If the brief had cited 10 or 15 cases on the nature of summary judgment, that it was reviewed de novo, that it was not to be granted where a material issue of fact is in dispute, in the context of this particular case, that would have been a waste of time by the lawyer. The judges and law clerks would have had a hard time wading through all that non-controlling lead-in, to find the actual problem in the case that needed their attention.

Further- suppose you did cite those 10 or 15 cases on the nature of summary judgment in brief. There are thousands of case citations that all say the same thing. So the court could have produced an opinion with its own 10 or 15 citations, to different cases, but all saying the same thing. There again, you'd have "endogenous" citations but in the context of the case they really mean nothing. In many opinions, citations like this are just padding or window dressing.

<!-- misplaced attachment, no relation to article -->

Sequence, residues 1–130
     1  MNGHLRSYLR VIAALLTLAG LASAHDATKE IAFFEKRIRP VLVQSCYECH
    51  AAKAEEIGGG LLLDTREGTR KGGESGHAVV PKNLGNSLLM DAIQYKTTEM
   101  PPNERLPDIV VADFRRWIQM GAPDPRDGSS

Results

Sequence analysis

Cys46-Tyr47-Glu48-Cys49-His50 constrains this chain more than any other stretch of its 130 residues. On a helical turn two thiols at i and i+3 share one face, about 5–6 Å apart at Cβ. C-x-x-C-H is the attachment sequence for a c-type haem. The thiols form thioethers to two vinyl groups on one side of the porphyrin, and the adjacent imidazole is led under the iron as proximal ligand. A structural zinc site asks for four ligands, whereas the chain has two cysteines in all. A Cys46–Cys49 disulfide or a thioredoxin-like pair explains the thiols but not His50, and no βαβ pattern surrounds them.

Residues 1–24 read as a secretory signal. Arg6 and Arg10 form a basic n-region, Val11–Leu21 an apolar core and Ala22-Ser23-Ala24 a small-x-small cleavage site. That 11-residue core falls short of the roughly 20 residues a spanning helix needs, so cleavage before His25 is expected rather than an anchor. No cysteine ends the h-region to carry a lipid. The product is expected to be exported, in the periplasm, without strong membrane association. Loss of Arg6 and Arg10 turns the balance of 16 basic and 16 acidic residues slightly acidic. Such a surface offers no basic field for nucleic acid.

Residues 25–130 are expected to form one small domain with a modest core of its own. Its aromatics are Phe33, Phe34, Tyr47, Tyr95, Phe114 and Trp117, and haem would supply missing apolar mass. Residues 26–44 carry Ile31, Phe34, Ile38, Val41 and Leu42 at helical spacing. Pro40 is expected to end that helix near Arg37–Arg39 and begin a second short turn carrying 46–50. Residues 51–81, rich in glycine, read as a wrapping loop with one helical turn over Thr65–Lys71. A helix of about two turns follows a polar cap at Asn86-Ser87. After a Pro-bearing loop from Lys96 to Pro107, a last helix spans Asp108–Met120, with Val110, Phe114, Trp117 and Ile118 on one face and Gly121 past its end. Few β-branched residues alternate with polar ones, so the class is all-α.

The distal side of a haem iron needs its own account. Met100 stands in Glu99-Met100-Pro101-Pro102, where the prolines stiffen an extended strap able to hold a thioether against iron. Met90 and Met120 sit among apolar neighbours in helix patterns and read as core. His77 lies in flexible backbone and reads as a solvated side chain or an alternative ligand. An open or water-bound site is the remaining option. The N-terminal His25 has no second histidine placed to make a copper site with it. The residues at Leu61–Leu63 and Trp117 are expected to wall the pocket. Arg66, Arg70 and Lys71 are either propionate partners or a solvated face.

Posted by: Steven | May 11, 2019 6:27:22 AM

Scott, that's fair. Maybe I'm too cynical, but I worry that the approaches of lawyers with decades of experience is probably bad habits learned over the years, not what law schools have or can taught.

Posted by: Orin Kerr | May 9, 2019 3:38:52 PM


I agree completely with the first half of your comment.

Concerning the second half, shouldn't law schools teach students to recognize what cases are most helpful and what cases the judges will need?

Posted by: Scott Fruehwald | May 9, 2019 3:14:40 PM

Scott, thanks for the reply. Two thoughts. First, while I agree with the adversary system, I don't think judges should decide cases incorrectly on the legal issues the parties raise just because a party didn't find the best cases for its side. Second, I'm skeptical the problem is law school. Most briefs are written by lawyers with a lot of practice experience; I suspect the problem is less that they don't know how to find cases than that they don't realize what cases are most helpful or what cases the judges will need.